Current alternatives for standardisation cooperation as included in the Free Trade Agreements (FTAs) between the EU and Canada or the EU and Japan are not commensurable to the current level of cooperation between the UK and the EU. Indeed, the implementation of these agreements hasshown that cooperation of the ESOs with Canadian and Japanese standardisation organizations is rather limited. Besides the limited rights to contribute to the technical work, the template of FTAs for standards cooperation has resulted in practice with very few standards being jointly accepted between organizations and scarce participation of experts into the technical committees of the other organisation.

Conformity assessment

The mutual acceptance of test results and certificates is also an important aspect that will need to be covered in the future UK-EU relationship. This is especially important for SMEs, for which paying twice for the same test can be prohibitive/

Several pieces of EU harmonisation legislation offer the possibility to use first-party conformity assessment (self-certification by the manufacturer). This possibility should be recognised as a way of accessing the UK market.

In other cases, conformity assessment is performed by other organisations such as laboratories, inspection, or certification bodies. In this context, accreditation and more specifically Regulation 765/2008 play an important role4

It provides confidence on the conformity assessment body technical capacity and competence to carry out their work and, as a result, it guarantees the comparability of conformity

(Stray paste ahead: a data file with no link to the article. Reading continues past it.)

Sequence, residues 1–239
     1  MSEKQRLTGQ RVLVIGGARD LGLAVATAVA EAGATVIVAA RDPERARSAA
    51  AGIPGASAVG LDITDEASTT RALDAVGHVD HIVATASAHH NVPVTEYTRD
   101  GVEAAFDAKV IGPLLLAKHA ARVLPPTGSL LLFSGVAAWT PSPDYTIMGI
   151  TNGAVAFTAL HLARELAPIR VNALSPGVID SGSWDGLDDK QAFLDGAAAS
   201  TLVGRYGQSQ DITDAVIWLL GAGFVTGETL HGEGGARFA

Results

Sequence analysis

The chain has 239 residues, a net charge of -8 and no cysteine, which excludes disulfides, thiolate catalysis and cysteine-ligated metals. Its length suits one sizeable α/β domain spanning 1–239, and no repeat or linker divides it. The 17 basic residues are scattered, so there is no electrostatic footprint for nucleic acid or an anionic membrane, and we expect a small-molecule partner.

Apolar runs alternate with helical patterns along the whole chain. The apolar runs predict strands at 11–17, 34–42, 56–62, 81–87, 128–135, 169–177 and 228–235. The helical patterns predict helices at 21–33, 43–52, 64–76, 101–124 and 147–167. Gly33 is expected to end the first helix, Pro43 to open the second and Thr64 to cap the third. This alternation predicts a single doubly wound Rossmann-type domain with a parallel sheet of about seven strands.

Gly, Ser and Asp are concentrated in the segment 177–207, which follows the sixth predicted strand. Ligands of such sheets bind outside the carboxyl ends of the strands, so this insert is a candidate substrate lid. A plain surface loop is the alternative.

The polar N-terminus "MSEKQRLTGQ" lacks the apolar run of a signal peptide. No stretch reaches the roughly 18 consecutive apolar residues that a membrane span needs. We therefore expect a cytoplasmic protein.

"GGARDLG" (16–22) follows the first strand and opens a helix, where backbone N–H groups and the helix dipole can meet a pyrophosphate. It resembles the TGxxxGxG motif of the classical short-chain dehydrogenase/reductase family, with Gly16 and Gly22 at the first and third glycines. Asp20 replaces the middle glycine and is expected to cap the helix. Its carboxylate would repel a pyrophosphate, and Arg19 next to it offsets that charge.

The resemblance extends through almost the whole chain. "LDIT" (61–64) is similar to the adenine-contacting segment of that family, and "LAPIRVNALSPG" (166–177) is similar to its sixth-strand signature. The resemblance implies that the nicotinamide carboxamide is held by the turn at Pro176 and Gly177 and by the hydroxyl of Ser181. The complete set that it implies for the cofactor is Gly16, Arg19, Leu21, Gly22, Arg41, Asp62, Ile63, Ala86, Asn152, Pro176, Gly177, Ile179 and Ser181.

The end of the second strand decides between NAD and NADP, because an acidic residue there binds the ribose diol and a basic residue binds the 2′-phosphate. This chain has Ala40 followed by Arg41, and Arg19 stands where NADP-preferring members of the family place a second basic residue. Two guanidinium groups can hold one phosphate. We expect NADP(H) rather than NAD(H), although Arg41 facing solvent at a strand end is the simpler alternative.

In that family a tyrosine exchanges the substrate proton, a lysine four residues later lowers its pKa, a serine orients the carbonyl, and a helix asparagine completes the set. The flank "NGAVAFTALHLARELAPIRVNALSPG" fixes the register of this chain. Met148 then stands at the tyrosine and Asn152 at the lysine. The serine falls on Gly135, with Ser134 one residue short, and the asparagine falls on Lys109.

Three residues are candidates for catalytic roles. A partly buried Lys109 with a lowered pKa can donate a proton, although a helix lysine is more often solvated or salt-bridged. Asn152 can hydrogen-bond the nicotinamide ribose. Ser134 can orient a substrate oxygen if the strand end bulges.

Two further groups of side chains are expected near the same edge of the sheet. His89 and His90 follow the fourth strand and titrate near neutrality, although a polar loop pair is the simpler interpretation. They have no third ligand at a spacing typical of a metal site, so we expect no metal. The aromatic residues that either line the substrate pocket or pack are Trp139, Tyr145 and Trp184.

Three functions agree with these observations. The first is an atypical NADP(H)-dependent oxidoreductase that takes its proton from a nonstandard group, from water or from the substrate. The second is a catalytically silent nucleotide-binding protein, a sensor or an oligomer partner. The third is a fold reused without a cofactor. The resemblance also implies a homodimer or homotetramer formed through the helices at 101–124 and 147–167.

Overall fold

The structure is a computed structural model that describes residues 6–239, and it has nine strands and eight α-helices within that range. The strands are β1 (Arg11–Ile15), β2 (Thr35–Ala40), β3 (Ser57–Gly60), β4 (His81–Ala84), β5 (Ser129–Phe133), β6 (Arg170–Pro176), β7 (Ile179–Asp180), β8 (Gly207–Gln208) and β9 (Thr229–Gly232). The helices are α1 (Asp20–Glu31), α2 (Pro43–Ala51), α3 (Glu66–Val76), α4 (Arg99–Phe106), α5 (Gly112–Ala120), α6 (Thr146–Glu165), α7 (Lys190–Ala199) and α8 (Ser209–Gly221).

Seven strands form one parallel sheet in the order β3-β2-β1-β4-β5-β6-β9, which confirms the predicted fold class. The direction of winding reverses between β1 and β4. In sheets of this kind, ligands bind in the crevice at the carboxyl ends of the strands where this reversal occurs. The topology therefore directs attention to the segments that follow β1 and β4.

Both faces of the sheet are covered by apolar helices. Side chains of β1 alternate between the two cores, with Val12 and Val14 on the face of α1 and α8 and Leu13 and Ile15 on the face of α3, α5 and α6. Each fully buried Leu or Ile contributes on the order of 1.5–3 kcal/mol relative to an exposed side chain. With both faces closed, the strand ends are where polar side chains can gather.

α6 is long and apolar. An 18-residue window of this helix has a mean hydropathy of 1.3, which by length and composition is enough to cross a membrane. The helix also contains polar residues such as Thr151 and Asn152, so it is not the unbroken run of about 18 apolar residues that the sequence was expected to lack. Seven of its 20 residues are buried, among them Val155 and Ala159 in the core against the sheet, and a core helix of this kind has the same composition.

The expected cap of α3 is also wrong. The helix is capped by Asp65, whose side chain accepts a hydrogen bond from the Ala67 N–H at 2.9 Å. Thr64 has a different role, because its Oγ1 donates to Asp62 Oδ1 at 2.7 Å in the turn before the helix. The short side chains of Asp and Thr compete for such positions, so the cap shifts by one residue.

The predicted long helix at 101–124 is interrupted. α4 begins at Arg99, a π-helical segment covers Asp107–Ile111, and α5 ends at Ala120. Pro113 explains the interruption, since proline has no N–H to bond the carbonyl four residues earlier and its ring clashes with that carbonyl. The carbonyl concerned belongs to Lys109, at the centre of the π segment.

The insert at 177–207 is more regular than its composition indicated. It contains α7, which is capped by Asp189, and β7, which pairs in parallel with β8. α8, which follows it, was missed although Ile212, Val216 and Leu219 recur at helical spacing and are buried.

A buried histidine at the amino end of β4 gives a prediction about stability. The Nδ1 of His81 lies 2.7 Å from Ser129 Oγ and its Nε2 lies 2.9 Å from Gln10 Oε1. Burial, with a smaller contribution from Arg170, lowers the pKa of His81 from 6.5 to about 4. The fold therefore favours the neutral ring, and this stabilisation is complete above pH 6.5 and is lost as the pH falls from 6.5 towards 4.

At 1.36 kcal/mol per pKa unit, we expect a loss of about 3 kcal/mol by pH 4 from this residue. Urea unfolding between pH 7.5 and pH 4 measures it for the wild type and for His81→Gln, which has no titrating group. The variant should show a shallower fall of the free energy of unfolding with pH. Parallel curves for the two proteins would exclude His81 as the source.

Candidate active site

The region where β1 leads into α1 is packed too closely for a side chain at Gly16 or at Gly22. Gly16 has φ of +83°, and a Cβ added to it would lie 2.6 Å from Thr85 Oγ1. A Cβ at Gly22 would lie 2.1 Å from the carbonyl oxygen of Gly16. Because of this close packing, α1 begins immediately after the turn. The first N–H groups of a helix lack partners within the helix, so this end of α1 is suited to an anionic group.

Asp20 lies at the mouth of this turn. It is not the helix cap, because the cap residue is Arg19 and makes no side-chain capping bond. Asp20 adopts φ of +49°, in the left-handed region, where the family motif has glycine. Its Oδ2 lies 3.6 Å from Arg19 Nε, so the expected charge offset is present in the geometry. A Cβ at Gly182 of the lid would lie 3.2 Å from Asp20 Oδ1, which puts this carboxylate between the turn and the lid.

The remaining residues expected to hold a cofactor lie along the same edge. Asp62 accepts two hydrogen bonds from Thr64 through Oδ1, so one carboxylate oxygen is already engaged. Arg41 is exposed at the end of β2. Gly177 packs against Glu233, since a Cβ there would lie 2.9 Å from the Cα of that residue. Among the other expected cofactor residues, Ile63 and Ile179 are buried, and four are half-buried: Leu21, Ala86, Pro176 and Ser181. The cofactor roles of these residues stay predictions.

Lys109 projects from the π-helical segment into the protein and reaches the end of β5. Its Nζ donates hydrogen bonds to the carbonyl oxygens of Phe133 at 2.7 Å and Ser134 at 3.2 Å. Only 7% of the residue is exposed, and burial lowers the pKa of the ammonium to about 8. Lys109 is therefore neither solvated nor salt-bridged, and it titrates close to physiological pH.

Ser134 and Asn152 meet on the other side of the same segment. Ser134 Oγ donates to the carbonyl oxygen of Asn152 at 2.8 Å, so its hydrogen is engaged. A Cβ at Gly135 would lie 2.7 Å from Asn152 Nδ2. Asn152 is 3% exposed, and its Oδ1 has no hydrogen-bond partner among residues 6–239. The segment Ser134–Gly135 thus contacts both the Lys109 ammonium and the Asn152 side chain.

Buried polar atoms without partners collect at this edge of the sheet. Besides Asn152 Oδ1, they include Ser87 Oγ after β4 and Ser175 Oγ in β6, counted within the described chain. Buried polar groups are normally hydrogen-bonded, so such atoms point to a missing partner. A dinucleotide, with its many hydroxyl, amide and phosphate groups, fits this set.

assessment results. It is therefore important that the UK accreditation system continues to be based on the Regulation, which provides the legal framework for accreditation in the EU and uses the relevant international standards for accreditation and conformity assessment. This would ensure mutual recognition of the results of conformity assessment procedures required for access to the UK and EU markets.


• The future UK-EU relationship should allow for the participation of the UK in the European standardisation system. To this respect, it is essential to keep the principles of Regulation
1025/2012 and the single standard model whereby there is one single standard in use across the European countries and the UK on any given issue. Failing to do so will lead to the creation of
technical barriers to trade and additional costs due to the use of multiple or additional diverging standards. This will impact more heavily in smaller companies.

• Where EU harmonisation legislation offers the possibility to use first-party conformity assessment (self-certification by the manufacturer), this possibility should also be recognised as a way of accessing the UK market.

• It is also essential for SMEs to ensure mutual recognition of reports, tests, certificates, and authorisations to avoid additional costs related to, for example, carrying out similar or the same
test twice. This should be done based on accreditation, the principles of Regulation 765/2008 and relevant international standards.

• It is also important we keep a level playing field and that we do not create any backdoorsto import goods from third countries into the EU market. To this respect, it is important that the future UKEU relationship also ensures that any future trade agreement concluded by the UK with a third country does not entail any automatic obligation upon the EU to recognise national standards from that third country or to accept manufacturer’s declarations of conformity, test results or certificates issued by conformity assessment bodies in that third country.Cooperation in market surveillance is also essential to ensure a level playing field.


Views and opinions expressed are those of Small Business Standards (SBS) only and do not necessarily reflect those of the European Union or EFTA. Neither the European Union nor EFTA can be held responsible for them.